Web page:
Corn is a mis­un­der­stood veg­etable, but it’s loaded with nu­tri­ents and easy to pre­pare

The Globe and Mail (Ottawa/Quebec Edition) - - NEWS - LES­LIE BECK

Q: I love corn on the cob. But how healthy is it? Does corn count as a veg­etable?

This sum­mer sta­ple – in sea­son July through Septem­ber – of­ten gets a bad rap. Many peo­ple (mis­tak­enly) think that corn is fat­ten­ing and has lit­tle to of­fer on the nutri­tion front. Peo­ple also as­so­ciate corn with in­gre­di­ents that aren’t nu­tri­tious.

Corn is pro­cessed into high fruc­tose corn syrup, corn­starch, mal­todex­trins, dex­trose, poly­dex­trose, mal­tose and sugar al­co­hols, in­gre­di­ents added to baked goods, break­fast ce­re­als, snack foods, salad dress­ings, condi­ments, soups, candy and hun­dreds of other pack­aged foods.

The truth is, un­less you cook all of your foods from scratch, you’re eat­ing plenty of corn year­round.


Back to sum­mer’s sweet corn, which has an im­pres­sive nutri­tion pro­file.

One cup of corn de­liv­ers 143 calo­ries, five grams of pro­tein and 31 g of car­bo­hy­drate. One large ear of corn (eight to nine inches long) yields about one cup of corn ker­nels.

Sweet corn has a low glycemic in­dex value, mean­ing its car­bo­hy­drates don’t spike blood sugar or in­sulin lev­els.

Corn is also a de­cent source of fi­bre, pro­vid­ing 3.5 g in one cup. Re­search has found that the bran in corn pro­motes sati­ety, help­ing you feel full longer.

The fi­bre in corn also acts as a pre­bi­otic, feed­ing and fu­elling the growth of ben­e­fi­cial gut bac­te­ria. There’s more. Sweet corn serves up niacin, fo­late, vi­ta­min C, mag­ne­sium and potas­sium.

Yel­low corn also con­tains lutein and zeax­an­thin, phy­to­chem­i­cals that pro­tect vi­sion by guard­ing against cataract and mac­u­lar de­gen­er­a­tion.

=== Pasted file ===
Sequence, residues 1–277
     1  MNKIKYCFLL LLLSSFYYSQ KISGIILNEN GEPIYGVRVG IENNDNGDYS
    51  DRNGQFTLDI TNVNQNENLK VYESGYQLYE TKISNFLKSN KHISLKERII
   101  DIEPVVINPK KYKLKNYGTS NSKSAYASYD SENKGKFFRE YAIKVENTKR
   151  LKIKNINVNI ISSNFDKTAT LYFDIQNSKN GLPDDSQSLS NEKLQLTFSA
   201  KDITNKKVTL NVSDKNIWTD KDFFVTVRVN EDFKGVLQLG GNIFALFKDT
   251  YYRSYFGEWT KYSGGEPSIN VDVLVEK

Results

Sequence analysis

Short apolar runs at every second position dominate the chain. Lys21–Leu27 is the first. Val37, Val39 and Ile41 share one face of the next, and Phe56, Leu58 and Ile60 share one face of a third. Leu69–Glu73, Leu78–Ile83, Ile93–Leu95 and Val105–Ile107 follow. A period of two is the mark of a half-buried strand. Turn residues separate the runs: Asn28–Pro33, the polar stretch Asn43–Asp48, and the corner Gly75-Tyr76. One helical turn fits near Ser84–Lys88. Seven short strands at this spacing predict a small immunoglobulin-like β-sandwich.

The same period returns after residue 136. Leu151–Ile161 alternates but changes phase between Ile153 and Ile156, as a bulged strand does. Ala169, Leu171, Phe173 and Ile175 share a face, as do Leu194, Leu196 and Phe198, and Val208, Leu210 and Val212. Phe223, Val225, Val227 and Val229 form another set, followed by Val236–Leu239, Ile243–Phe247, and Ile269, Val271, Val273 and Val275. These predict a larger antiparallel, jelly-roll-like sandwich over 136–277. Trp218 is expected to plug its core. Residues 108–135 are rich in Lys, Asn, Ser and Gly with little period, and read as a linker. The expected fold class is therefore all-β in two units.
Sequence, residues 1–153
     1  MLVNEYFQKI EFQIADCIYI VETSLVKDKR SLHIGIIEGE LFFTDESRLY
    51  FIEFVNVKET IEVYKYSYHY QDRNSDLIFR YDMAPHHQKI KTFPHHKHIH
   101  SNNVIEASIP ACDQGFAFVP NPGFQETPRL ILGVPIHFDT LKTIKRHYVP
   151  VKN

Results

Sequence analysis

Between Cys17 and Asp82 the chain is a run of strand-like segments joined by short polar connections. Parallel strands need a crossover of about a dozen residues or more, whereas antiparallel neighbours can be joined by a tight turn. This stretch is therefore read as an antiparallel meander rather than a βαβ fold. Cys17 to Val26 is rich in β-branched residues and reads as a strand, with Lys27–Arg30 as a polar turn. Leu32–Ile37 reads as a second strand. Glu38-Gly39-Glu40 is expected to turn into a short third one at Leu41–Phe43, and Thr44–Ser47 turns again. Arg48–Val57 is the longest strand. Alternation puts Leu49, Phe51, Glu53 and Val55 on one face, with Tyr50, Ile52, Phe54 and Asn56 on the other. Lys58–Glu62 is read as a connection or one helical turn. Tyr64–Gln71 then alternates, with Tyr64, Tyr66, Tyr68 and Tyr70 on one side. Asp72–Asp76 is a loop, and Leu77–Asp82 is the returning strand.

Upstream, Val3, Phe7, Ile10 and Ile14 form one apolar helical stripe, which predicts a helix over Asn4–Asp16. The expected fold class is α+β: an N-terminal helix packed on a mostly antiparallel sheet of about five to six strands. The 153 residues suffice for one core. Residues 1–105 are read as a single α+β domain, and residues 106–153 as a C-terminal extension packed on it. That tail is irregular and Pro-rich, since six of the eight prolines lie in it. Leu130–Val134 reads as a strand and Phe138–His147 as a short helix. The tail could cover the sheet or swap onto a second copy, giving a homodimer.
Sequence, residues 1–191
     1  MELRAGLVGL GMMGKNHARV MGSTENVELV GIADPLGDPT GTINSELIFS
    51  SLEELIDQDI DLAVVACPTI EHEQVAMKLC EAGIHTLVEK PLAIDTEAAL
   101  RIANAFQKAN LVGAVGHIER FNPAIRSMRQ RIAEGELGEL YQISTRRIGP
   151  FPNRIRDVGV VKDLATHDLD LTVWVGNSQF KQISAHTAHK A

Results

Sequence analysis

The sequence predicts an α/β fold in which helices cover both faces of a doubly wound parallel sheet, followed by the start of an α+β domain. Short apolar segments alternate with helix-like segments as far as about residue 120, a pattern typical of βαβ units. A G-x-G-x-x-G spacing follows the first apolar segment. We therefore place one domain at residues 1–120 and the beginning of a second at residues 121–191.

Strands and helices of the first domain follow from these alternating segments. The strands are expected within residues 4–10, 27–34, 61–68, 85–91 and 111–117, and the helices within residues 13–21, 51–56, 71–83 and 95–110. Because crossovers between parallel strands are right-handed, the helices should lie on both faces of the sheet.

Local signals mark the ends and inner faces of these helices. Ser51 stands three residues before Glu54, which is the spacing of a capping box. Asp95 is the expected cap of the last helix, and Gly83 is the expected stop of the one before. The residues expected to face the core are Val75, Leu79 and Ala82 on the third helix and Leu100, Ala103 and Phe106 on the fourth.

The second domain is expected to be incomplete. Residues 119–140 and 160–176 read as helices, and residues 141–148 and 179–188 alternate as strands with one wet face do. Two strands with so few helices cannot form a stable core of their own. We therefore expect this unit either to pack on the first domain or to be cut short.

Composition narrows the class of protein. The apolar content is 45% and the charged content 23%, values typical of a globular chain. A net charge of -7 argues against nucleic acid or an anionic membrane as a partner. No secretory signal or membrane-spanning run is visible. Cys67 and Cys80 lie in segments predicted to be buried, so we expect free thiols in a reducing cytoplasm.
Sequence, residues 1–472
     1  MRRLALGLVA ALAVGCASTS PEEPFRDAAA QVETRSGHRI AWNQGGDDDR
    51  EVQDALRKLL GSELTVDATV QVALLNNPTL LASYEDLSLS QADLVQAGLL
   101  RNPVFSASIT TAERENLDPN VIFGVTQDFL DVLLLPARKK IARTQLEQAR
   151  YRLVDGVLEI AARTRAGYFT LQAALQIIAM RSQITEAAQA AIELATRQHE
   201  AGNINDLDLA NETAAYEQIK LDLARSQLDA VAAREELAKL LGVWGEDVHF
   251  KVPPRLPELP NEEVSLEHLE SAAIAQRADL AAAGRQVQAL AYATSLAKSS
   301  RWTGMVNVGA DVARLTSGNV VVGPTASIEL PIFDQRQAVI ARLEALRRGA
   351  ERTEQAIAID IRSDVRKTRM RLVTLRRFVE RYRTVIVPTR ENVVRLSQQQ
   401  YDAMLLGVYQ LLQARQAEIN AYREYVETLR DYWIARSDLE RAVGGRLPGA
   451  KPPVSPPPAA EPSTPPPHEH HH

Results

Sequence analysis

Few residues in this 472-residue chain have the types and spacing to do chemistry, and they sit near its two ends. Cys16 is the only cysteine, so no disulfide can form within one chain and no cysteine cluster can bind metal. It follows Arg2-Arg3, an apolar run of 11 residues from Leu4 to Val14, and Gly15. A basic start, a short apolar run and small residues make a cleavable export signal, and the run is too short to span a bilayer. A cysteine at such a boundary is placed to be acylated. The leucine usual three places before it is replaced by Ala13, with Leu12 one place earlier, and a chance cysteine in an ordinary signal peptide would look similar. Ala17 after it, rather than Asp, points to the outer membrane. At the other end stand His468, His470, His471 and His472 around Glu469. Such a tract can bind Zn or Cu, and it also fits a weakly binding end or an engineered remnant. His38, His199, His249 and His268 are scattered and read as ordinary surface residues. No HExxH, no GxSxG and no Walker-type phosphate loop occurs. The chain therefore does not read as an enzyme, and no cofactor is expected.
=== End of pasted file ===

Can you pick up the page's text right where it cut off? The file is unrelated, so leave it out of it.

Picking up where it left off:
(White corn con­tains very lit­tle lutein and zeax­an­thin.)

Sci­en­tists spec­u­late that con­sum­ing at least six mil­ligrams of lutein a day is op­ti­mal for eye health; one cup of yel­low corn de­liv­ers 22 per cent of that.


When eaten fresh, sweet corn is con­sid­ered a veg­etable. The ker­nel it­self, though, is ac­tu­ally a whole grain made up of three lay­ers: the outer bran layer, the in­ner nu­tri­ent-rich germ layer and the starchy en­dosperm layer. Dried corn, in­clud­ing pop­corn, is clas­si­fied as a whole grain.

Once corn is milled to re­move the bran and germ, it be­comes a re­fined grain. When buy­ing foods made with corn such as tor­tillas, break­fast ce­re­als and corn­meal, look for “whole corn” or “whole grain corn” on the in­gre­di­ent list.


Fresh sweet corn doesn’t take long to cook – just five min­utes in boil­ing wa­ter.

Don’t add salt to the wa­ter, which will toughen the corn. Or, place shucked ears of corn di­rectly over a medium-hot grill and cook, ro­tat­ing oc­ca­sion­ally, un­til charred and cooked through, about 10 min­utes. You can also wrap shucked corn in alu­minum foil and cook di­rectly on the grill or hot coals.

Nat­u­rally sweet, corn doesn’t need much – or any­thing at all – to make it taste de­li­cious. If you want ex­tra flavour, add a squeeze of lime juice and sprin­kle with chili pow­der or smoked pa­prika.

Or, add chopped fresh herbs such as pars­ley, basil, thyme, cilantro or mint to soft­ened but­ter and brush over corn. Dried herbs work well, too.

Go easy on the but­ter, though. Con­sider that one ta­ble­spoon adds 120 calo­ries and seven g of sat­u­rated fat to your cob of corn.

In­stead of but­ter, you may pre­fer to baste corn with a tea­spoon ex­tra vir­gin olive oil for fewer calo­ries and heart-healthy mo­noun­sat­u­rated fats. There are more ways to en­joy fresh corn this sum­mer than eat­ing it on the cob. Bake cooked corn into savoury muffins, toss into sal­ads, make into sal­sas and stir into soups.

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